Day 58, Year 2: Naroi in Mourning
Date: Thursday, June 21, 2007
Weather: Sunny Day; Still NE Winds 15 Knots
Location: Naroi, Moala Island, Lau Group, Fiji
At promptly 9 AM we went to shore as we had arranged with Litia, the chief’s wife. Before we got all the way in we could tell that the village was in mourning. School children were walking back from the village green in their athletic uniforms, men walking on the road had on dress sulas and dark shirts, and the woman on the hill by the chief’s house had on black dresses and wore pandanus mats around their waists. This is mourning dress in Tonga but we had no idea that Fijians also wear the mats.
They might not on the main islands, but since the Lau Group is halfway between Tonga and Fiji, the Tongan influence here over the years has been great. We could see Litia waving us back, we waved, and I threw a kiss which she did in return. I doubt that we will see her again before we leave and I’m a little saddened by not saying a personal farewell. But it is not respectful for strangers to come to the village during mourning, so we must respect that. I had printed some pictures that I wanted
to leave with them, but we will look for a fishing boat coming by in the morning to see if they will deliver them to the chief for us. We are wondering where they bury people here. We have seen no graveyards in the villages we have been in since leaving Suva. Graveyards in Suva are prominently located, but in the out islands, they must be hidden away. Many questions. I guess we will ask when we arrive at our next destination.
Today was a day of “reality.” I looked at the calendar and realized that we have only two weeks before Mark’s brother arrives in Savusavu. Time sure flies when you are having a good time. We spent more time in Beqa than planned–waiting for a weather window. We spent more time in Kandavu than planned–waiting for a weather window. And we have spent more time here at Moala than planned–waiting for a weather window. Those weather windows seem to be few and far between this season. So we made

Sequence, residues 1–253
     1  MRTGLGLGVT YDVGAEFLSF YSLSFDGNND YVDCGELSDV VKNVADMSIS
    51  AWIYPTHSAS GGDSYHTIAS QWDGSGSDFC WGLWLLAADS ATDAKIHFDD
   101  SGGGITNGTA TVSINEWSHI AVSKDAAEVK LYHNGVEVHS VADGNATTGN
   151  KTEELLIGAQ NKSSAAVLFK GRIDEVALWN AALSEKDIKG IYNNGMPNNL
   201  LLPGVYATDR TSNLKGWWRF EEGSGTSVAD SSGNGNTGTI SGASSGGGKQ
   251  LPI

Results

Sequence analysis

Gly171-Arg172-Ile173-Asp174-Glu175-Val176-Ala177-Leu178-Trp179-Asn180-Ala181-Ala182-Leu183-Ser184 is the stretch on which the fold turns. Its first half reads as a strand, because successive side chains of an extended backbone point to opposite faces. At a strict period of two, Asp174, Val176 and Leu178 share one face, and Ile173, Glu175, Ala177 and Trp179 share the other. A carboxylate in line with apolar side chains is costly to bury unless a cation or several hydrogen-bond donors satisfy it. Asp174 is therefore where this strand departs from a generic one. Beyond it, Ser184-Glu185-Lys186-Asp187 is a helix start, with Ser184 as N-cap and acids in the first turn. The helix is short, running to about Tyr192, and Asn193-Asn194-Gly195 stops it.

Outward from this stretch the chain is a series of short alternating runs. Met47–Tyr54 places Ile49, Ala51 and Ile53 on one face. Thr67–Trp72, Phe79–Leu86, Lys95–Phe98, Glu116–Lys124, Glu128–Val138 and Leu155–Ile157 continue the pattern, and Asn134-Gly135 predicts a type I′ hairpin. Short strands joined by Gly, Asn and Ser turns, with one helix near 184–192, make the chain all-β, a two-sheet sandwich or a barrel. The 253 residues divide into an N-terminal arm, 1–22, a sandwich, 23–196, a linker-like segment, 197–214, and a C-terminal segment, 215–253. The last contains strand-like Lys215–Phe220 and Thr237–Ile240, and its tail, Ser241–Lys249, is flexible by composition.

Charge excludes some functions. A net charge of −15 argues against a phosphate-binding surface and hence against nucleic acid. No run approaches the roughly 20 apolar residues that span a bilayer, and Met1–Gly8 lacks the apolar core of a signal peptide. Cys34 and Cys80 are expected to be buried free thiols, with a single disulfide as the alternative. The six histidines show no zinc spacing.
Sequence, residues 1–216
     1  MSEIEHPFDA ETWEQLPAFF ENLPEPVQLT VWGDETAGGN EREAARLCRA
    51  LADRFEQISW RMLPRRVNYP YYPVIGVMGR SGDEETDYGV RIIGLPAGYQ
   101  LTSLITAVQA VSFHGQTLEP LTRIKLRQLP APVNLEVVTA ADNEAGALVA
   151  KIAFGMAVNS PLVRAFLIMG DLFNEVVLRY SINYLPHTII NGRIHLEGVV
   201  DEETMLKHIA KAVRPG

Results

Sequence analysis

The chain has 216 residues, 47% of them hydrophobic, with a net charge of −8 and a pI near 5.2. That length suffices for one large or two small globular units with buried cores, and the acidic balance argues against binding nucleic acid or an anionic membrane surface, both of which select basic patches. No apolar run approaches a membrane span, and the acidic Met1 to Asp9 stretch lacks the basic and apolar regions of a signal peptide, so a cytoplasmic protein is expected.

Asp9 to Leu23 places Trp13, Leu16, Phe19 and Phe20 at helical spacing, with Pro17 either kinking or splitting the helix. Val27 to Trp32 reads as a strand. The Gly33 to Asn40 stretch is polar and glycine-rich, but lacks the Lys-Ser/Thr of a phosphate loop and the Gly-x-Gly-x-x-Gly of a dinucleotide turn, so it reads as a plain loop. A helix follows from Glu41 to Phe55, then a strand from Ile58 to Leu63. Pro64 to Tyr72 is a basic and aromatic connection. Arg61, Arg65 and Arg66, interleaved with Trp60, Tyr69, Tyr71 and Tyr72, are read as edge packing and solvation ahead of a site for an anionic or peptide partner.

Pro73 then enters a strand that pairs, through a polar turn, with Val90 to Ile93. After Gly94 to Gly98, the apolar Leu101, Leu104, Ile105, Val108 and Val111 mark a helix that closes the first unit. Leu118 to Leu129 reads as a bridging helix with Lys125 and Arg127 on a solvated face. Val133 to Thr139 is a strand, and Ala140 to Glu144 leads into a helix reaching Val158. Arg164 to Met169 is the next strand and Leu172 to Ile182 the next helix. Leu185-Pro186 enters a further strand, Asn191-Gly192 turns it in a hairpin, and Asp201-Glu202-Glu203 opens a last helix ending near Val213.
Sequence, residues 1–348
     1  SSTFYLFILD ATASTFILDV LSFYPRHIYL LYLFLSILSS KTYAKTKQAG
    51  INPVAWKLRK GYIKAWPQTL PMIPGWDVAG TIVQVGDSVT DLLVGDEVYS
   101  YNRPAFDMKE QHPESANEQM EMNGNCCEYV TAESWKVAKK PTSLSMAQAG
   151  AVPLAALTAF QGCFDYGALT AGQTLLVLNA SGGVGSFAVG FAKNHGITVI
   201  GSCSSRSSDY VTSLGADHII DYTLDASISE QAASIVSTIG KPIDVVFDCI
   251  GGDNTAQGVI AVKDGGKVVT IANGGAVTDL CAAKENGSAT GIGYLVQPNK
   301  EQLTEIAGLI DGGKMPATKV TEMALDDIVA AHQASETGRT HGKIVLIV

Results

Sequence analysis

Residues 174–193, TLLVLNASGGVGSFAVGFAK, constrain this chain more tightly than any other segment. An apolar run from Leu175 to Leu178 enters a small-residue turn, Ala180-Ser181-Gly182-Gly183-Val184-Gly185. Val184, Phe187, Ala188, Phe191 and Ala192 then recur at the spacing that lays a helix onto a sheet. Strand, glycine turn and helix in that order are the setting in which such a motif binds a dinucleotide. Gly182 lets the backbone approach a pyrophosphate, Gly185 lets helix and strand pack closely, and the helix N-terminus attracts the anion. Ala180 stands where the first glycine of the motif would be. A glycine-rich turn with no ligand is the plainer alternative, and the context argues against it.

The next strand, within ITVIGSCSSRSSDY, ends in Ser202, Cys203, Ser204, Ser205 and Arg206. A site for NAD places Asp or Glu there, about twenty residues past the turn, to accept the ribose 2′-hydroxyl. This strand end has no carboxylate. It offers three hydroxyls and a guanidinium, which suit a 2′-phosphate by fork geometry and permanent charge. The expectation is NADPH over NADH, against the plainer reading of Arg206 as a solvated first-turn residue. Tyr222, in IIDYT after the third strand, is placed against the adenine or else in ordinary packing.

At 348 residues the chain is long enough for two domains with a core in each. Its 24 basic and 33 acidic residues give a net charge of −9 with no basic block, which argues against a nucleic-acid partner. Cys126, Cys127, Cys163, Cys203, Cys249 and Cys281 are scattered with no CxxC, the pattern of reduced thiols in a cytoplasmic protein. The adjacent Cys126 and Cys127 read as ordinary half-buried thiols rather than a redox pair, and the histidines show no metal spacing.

a decision late this afternoon to skip visiting the island of Tuvuca and will go straight to Vanua Balavu. Again, this was a hard decision for me. Tuvuca offers a people who have little if any contact with the modern world. But Tuvuca has no real anchorage. It is only possible to anchor there with an east wind, and we are still having wind north of east. Vanua Balavu offers the most beautiful anchorages that Fiji has to offer, but the people have had more contact with the outside world. After
long and hard thinking, we opted for beauty over remoteness. So in the AM we will head directly to the Exploring Iles in the Northern Lau Group. Vanua Balavu sits inside a barrier reef with eight other smaller islands. On the northwest of the Iles is Qilaqila or the Bay of Islands. It is supposed to be a “spectacular place for yachties to draw anchor” according to the Lonely Planet. By noon on Saturday we should know if the place is as beautiful as advertised. We talked with a boat named Christina
on the radio this morning and they just left there. They did say it was beautiful and they are sending us some waypoints for their favorite anchorages via email.
Today was also a day of connections. Since there was no field day to attend, we came back to Windbird and did a little reconnecting. we are planning to return to the United States at the end of this cruising season and work for a few months before returning to Australia and continuing our trek around the world. We wrote resumes and contacted old friends. Mark had an especially good time connecting with friends and faculty from college days at Eastern Illinois University. Darlene Miller wrote
with updates on friends who were on the Speech Department faculty and even his college roommate, Jim Rinnert. Darlene found us online through our web site. What a blast from the past!
We have heard from a few other cruiser friends recently. Bob and Dianna on White Swan have recovered from the traumatic passage from New Zealand and have headed out in the Mamanuca islands with Zfarse and New Dawn. Joe and Cindy of Maggie Drum have reached Suva, and Ranger is back in Suva as well. Quantum Leap with Tom and Bette Lee are on their way from New Zealand to Tonga. They have 420 miles to go and have had some ugly weather. Tom has been sending daily updates and he is truly a fantastic
story teller. Here’s a bit of his log from today, “We are in the grip of the dreaded low pressure system. In New Zealand they are experiencing 40 knots of wind with 15-20 foot seas. Up here things are not so bad, with 20-30 knots of wind and 5 foot seas. The problem is that the wind is blowing from the direction we want to go. We are having to sail against this torrent of wind. Sailors call it “beating”. Bashing, crashing, thrashing, splashing…would also be excellent words. QL is as salt encrusted
as a virginia ham. Moving around is much like standing in the saddle of a mechanical bull.” Eloquently stated!
So tomorrow morning we head a little north of northeast. We hope that winds come around to the east from the northeast, but if not, we will be doing a little bit of that bashing and crashing that Tom describes above. Let’s hope that is not the case.